A few of my favorite paintings from my 2019 journals:
In deciding what kind of journal would be most enjoyable, I flashed back to 2012 when I used “The Open Daybook,” a perpetual calendar book, edited by David P. Earle. I remember buying this big book of a journal at Monograph Bookwerks (fine art books, objects, + ephemera), located in NE Portland, and I was so excited to use it to record what I did every day for a year. Each page has original art by 365 artists (actually 371 as some worked in groups), so the imagery and graphics were always a treat.
A few of my pages from 2012. My entries were short and sweet, but really captured in detail how I spent my days.
That year of record keeping got me to thinking about what kind of journal I would keep now, ten years later. I keep a lot of visual journals (obviously, from the list above), and I have a calendar on my desk. But what if I kept my own sort of Daybook, a cross between what I did today, but coupled with a sprinkling of collage, dabs of paint, imagery, ideas, quotes, and what is on my mind (now there’s a scary thought). I liked the sound of this combination and I just happened to have the right journal for the job (cue the dramatic music), a chunky beast of a journal, built by Leather Village craftspeople.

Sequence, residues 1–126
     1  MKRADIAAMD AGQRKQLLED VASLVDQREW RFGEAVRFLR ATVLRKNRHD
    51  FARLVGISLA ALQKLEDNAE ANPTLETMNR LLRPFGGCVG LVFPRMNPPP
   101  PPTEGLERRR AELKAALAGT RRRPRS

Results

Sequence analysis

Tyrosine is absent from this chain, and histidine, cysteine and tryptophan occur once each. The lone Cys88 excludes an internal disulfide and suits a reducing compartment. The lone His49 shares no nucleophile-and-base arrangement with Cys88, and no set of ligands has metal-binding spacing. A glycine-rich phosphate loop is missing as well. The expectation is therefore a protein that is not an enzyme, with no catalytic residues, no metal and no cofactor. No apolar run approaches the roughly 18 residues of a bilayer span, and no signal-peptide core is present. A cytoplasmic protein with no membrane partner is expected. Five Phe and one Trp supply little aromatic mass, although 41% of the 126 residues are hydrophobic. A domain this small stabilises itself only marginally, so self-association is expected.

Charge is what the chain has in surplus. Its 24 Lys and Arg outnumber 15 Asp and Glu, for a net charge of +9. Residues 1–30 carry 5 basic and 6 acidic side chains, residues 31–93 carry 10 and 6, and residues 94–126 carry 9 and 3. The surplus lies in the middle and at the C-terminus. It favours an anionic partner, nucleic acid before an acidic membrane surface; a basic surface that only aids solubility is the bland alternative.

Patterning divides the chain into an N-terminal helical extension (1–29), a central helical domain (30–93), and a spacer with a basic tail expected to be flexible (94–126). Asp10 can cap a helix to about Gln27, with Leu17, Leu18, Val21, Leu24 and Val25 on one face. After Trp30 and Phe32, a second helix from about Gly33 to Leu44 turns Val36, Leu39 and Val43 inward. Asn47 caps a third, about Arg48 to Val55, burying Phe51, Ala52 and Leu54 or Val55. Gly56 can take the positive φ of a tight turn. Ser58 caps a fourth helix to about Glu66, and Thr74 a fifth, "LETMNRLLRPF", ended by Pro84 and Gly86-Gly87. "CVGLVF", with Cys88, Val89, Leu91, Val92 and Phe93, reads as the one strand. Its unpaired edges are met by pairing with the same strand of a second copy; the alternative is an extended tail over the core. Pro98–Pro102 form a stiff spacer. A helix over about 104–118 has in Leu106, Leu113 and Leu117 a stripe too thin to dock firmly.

I wrote a private preamble on New Year’s Eve, then jumped in on January 1st.
I am off and running.
We laugh and we laugh and there is nothing else like it in the world.
A beautiful opportunity presented itself last June and after giving it some deep thought, I accepted a commission to create a painting in honor of a loved one who had passed. My collector (and friend) knew she wanted the piece to include collage and paint, but was open to how I would incorporate the two. We met at my house a couple of times to look through photos, passports, music, and ephemera, which all represented an interesting and rich life. I got a better idea of what she was thinking and proposed that I include words throughout the process, along with an initial layer of collage. It was agreed that the words and collage would imbue the piece with the spirit of this person, but the next layers would be an abstract landscape to reflect the color and vibrancy of a life lost too soon.
After I had a chance to go through the stacks of materials, we met again to make a few more decisions, giving me clarity of which original documents I would use to energize the painting. I decided I would create two paintings alongside each other so my collector would have a choice between which piece resonated with her the most. I chose to work on cradled panels: 24×36 inches and 30×40 inches.
Over several months, the two boards were painted, writing added, a second layer of paint, bigger and bolder words added, and then a complete layer of collage, with just snippets of the underlying words peeking through.